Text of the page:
joannehyppolite.jpgMIAMI (AP) _ A charred 10-foot cross that burned in a black woman's yard, a voting booth from the tumultuous 2000 presidential election and a dress based on traditional Nigerian cloth are all part of a new exhibit tracing black history since Miami's inception as a city.


“Black Crossroads: The African Diaspora in Miami,'' which just opened at the Historical Museum of Southern Florida, aims to show how blacks have been part of the city's development since it was incorporated in 1896 and to document their lives, work and civil rights struggles.

Organizers spent three years planning the exhibit and assembling items such as the cross, which burned in 1982 in front of Hazel Howard's North Miami home after she moved into a predominantly white neighborhood. The exhibit will also feature panels, concerts and speeches by community leaders and runs through Jan. 24.

“Our goal is definitely to shed some light on the contribution blacks have made to this city. It's often, I think, made invisible by the fact that we are seen as sort of a vacation paradise,'' said Joanne Hyppolite, the museum's chief curator.

She said she wants “people to realize that the black population is not new, that they have been here. They came at the same time as the white population was emerging here in the late 1800s and were growing at the same time, contributing at the same time to the building of this community.''

The exhibit is divided up into four sections: Community, Labor, Traditions and Struggle.

The section on community includes a partial replica of a shotgun house, a simple style of home built from 1900 to 1950 in areas such as Coconut Grove, Overtown and Liberty City. It is popularly believed they are called that because the house was so small that a shotgun blast through the open front door would go straight out the back door, Hyppolite said.

The labor section includes jackets worn by waiters, attendants and chefs on Pullman railroad cars in the early 20th century. There are machetes used to cut sugarcane along with the protective gear worn by workers. A large portion of the sugarcane workers began coming from Jamaica in the 1940s.

The Howard cross is placed just outside the section about struggle, which is designed to look like a church, complete with a white steeple and pews where people can watch videos of speeches by civil right leaders such as Martin Luther King Jr.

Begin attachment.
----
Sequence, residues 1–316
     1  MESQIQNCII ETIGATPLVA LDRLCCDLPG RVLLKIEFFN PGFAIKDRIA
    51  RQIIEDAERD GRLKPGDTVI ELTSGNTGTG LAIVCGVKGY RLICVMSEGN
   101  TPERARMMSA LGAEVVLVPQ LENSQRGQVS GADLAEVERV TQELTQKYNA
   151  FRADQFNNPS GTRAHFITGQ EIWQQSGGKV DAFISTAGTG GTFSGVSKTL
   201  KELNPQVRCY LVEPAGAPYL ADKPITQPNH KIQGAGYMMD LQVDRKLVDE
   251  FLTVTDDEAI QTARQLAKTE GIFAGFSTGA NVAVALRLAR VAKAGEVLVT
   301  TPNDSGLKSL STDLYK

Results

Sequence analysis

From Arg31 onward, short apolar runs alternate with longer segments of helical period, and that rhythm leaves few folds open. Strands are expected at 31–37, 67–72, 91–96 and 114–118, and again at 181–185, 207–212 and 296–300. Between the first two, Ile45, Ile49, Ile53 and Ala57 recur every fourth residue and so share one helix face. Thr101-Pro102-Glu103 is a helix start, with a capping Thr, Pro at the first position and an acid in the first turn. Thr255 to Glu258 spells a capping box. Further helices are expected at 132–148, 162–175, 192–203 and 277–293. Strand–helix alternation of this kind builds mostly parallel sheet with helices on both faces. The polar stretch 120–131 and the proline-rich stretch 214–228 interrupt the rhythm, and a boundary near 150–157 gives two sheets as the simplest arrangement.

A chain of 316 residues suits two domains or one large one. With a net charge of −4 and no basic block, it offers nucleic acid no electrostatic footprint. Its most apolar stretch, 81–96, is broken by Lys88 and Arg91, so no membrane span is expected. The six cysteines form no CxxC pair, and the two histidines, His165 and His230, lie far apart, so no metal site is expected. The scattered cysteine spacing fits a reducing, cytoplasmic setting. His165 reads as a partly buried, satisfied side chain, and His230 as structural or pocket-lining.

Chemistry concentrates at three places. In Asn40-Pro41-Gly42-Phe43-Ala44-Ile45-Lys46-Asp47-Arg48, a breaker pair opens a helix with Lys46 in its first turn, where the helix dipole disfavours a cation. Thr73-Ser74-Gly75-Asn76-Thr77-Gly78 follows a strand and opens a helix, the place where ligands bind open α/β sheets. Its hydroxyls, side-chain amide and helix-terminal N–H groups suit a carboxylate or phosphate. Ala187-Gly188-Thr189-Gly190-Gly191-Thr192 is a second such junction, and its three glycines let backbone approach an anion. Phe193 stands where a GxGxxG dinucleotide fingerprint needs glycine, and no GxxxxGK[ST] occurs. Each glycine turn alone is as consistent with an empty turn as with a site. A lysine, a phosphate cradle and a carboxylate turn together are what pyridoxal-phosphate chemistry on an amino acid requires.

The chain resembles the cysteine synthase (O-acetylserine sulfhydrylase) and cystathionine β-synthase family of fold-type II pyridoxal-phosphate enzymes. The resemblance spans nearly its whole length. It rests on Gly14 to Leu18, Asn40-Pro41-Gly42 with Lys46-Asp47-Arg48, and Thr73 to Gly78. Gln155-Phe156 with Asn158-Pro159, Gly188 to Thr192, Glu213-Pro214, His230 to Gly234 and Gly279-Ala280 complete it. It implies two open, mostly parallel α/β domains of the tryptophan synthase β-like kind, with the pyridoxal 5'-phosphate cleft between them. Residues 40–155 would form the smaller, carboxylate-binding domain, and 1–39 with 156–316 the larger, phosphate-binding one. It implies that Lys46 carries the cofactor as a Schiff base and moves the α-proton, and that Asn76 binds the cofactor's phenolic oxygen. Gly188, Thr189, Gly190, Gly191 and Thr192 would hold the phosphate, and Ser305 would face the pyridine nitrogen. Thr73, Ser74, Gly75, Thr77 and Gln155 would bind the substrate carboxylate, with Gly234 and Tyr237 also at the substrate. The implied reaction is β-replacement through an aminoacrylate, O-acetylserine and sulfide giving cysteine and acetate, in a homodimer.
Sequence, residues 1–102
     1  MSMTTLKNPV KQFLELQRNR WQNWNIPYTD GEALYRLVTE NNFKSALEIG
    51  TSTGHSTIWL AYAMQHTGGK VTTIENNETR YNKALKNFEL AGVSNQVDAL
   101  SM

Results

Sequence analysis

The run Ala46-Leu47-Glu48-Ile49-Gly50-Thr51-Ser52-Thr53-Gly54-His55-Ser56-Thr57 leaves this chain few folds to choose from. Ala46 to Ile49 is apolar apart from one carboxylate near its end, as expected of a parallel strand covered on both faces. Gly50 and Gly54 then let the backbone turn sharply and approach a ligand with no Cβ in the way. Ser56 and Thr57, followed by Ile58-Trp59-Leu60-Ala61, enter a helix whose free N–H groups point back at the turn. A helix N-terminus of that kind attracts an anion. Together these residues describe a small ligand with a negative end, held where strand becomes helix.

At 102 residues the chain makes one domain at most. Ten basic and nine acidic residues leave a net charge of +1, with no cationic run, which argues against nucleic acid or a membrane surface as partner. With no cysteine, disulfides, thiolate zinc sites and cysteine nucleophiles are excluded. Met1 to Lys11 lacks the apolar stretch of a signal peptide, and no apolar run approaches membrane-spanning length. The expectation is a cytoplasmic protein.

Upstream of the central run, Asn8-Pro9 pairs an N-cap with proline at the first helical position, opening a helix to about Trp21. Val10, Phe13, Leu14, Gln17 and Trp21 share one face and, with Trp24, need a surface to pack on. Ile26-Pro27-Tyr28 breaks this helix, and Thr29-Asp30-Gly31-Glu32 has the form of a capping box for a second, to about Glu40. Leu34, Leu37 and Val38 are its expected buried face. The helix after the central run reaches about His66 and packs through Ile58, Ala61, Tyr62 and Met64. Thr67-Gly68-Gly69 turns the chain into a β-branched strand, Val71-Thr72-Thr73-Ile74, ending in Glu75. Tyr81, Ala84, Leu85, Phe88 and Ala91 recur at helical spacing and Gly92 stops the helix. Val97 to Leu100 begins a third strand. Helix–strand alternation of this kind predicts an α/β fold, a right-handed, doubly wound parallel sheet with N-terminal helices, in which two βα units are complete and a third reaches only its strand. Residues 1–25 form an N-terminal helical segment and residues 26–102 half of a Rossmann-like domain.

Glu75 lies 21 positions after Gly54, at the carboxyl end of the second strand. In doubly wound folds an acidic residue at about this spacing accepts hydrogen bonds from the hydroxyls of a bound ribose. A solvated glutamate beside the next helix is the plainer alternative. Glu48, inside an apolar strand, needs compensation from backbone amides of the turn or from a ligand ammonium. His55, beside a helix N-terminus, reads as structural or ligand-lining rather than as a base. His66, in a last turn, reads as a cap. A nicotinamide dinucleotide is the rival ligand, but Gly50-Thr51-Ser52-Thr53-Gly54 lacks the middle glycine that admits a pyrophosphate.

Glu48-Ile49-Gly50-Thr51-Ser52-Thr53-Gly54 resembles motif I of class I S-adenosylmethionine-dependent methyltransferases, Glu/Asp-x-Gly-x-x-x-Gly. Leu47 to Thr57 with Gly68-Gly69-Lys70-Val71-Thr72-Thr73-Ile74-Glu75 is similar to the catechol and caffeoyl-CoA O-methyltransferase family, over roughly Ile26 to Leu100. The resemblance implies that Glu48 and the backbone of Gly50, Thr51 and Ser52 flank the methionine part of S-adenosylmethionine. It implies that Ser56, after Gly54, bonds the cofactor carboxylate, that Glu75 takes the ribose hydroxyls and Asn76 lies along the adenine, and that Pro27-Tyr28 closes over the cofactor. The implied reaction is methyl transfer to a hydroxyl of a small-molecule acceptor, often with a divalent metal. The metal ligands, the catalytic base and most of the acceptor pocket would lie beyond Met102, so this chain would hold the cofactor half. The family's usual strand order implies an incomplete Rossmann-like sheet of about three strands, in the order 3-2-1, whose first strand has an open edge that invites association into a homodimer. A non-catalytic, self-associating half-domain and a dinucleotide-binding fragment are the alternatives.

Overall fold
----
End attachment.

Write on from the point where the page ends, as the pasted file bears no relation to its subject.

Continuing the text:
Bob Simms was executive director of the Metro Dade Community Relations Board from 1967 to 1983. He remembers that everybody was upset about the Howard cross burning, which came at a time when they had become rare.

“The staff brought the cross back to the office and we put it in the board room as a reminder to what our mission was,'' Simms said.

The exhibit includes a Ku Klux Klan robe. The Klan was active in Miami and South Florida from the 1920s through the 1960s. The Miami chapter carried out cross burnings, kidnappings and physical violence, Hyppolite said. In 1920 the Klan detained blacks to keep them from voting in the presidential election. Besides the Klan, the all-white police force also harassed blacks, said Hyppolite, who was born in Haiti and grew up in Boston.

“Why so public and so visible? Because they needed to be able to enforce that whole idea of white supremacy,'' Hyppolite said.

There are photos showing the early days of the civil rights movement in Miami. The local chapter of the Negro Uplift Association pushed for more job opportunities and hiring black police officers, among other things.

There is also a photo of Miami's first black police officers from about 1944 and a photograph of Virginia Key Beach from the 1950s, which was the area's first so-called colored beach when it opened in 1945 during segregation.

“This is all human history … All struggles of all people for a better life,'' said Gene Tinnie, who was on the exhibit's advisory board and is chair of the Virginia Key Beach Park Trust.

At the end of the exhibit, there is a voting booth from the 2000 election, which is part of an interactive section called “The Struggle Continues.'' Hyppolite said many voters in Miami complained of being disenfranchised that year by being turned away from polls or dropped from voter rolls, among other voting irregularities.

She will ask visitors to write whether they believe race is still an issue in America and their answers will be posted on the wall behind the booth.

Her opinion?

“There are definitely still some issues,'' she says.

Pictured above is Joanne Hyppolite, chief curator of the Historical Museum of Southern Florida.